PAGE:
Gap Between Outrage and Law

Widespread outrage followed the September suicide of Tyler Clementi, the Rutgers student who killed himself after his roommate and another surreptitiously, via webcam, viewed Clementi kissing another man.  Cries to punish followed outrage, and New Jersey prosecutors charged Dharun Ravi, the roommate, and Ravi’s friend Molly Wei with invasion of privacy and transmitting a sexual encounter on the Internet.  Clementi’s suicide was one of a spate of suicides by gay teenagers in recent months, and many called for Ravi and Wei also to be prosecuted for anti-gay hate crimes.  Peeping via web cam and computer on two men making out and sharing and laughing about it with others must be a crime.  Right?

Not necessarily, as discussed in Rutgers suicide case poses test for NJ privacy law.  Does Ravi’s Twitter message–Roommate asked for the room till midnight. I went into molly’s room and turned on my webcam. I saw him making out with a dude. Yay–show the anti-gay bias necessary to prove beyond a reasonable doubt that a crime was committed because of the victim’s protected-class status?  The message contains no pejorative terms, there’s no independent evidence of Ravi’s or Wei’s animus towards gays or lesbians, and their family and friends will testify that both had gay friends.  Making out with a dude was, as far as we know, a statement of fact.  Titillation over a roommate’s romantic same-sex encounter is a long way from a hate crime.

And for their to be a hate crime, there first must be a crime.  Here are the relevant provisions of New Jersey’s criminal invasion of privacy statute (emphasis added):

1. a. An actor commits a crime of the fourth degree if, knowing that he is not licensed or privileged to do so, and under circumstances in which a reasonable person would know that another may expose intimate parts or may engage in sexual penetration or sexual contact, he observes another person without that person’s consent and under circumstances in which a reasonable person would not expect to be observed.

1.b. An actor commits a crime of the third degree if, knowing that he is not licensed or privileged to do so, he photographs, films, videotapes, records, or otherwise reproduces in any manner, the image of another person whose intimate parts are exposed or who is engaged in an act of sexual penetration or sexual contact, without that person’s consent and under circumstances in which a reasonable person would not expect to be observed.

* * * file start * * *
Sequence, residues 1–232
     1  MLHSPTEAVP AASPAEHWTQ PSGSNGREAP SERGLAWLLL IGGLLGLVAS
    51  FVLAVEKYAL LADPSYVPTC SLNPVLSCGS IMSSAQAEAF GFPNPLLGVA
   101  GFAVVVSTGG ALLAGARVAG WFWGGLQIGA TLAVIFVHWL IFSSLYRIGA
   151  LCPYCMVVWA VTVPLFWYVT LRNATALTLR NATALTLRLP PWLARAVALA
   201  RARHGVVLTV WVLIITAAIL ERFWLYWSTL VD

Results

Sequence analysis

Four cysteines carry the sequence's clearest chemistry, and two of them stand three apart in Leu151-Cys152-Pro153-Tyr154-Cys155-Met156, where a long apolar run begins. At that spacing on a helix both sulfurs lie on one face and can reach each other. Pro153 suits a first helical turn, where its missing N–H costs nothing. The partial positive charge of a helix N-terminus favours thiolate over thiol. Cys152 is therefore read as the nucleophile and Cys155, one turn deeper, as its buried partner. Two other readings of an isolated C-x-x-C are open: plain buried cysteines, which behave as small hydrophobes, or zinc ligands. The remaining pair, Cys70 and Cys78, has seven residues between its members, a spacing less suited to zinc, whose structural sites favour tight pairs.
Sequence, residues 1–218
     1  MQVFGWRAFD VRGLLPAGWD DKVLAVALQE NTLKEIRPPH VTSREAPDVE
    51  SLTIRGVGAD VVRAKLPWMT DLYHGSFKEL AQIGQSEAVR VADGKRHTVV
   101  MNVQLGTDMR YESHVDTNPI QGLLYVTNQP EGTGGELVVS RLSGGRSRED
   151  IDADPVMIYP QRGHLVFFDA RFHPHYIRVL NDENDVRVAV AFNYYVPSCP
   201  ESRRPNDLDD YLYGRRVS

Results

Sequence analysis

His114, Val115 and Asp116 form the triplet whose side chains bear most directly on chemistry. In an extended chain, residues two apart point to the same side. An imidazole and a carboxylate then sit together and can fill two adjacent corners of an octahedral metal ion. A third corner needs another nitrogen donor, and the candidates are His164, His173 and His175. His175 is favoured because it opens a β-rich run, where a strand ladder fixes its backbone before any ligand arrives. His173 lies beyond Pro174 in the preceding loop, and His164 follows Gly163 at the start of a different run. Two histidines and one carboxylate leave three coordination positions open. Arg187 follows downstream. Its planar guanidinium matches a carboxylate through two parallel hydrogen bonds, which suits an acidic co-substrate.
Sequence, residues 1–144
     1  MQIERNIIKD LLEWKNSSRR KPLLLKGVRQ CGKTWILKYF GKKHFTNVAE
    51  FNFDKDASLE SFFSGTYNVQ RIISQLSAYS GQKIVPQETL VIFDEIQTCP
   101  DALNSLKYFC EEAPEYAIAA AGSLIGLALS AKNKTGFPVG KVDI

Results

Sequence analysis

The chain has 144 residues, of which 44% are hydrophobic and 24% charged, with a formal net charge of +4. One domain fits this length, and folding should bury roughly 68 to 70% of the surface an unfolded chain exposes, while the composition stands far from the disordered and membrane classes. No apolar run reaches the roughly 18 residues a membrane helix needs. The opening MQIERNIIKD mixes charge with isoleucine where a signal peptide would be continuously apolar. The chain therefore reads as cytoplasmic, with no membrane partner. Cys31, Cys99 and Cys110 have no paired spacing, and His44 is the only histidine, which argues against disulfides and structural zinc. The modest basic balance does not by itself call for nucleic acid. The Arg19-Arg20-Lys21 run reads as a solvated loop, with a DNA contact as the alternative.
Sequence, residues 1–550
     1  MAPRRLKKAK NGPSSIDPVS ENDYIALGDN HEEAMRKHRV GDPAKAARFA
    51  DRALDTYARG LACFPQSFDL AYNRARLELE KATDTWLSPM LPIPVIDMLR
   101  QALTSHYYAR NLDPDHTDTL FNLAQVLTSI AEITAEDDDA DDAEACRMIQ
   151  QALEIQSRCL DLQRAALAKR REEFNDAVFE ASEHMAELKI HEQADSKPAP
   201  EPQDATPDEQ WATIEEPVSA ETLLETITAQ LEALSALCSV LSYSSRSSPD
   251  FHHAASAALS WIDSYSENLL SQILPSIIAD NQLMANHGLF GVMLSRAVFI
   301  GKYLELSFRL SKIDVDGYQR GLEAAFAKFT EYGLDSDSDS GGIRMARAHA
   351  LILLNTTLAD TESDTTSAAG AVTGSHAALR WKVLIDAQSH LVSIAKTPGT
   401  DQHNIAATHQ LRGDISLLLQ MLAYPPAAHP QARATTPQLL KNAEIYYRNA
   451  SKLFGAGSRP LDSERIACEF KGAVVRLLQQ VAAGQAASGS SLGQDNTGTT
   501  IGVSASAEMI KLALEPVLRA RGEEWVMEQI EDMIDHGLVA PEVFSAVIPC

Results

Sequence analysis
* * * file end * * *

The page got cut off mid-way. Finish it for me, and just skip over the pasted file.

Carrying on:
The incident’s reported facts do not support a charge of third degree invasion of privacy.  Assuming the webcam video was saved and not just streamed, Ravi and Wei observed Clementi doing no more than kissing another man.    Fourth degree invasion of privacy may fit the facts, if it was reasonable to believe the encounter would result in exposed “intimate parts” or actual sexual penetration or sexual contact.  Proving that on the reported facts beyond a reasonable doubt–no nudity, not even partial nudity, just kissing–will be a challenge.

Put simply, New Jersey has a weak criminal case against Ravi and Wei–and that assumes their culpability is equal.  Ravi used Wei’s computer, but appears to have been only a bystander, not an actor.  Remember the failed prosecution of Lori Drew for her role in Megan Meier’s suicide–outrage without a crime is not an unusual outcome in controversial Internet-related activities.

3 thoughts on “Gap Between Outrage and Law”

  1. I believe that what Ravi and Wei did was horrible and they should be punished for it. This is a clear violation of privacy and they took advantage of him for their humor. Even though, no actual sexual conduct was seen, it still could have led to that and they did nothing to stop the taping. They caused Clementi to commit suicide and they should be punished for their action.

    Monica Chuangdumrongsomsuk

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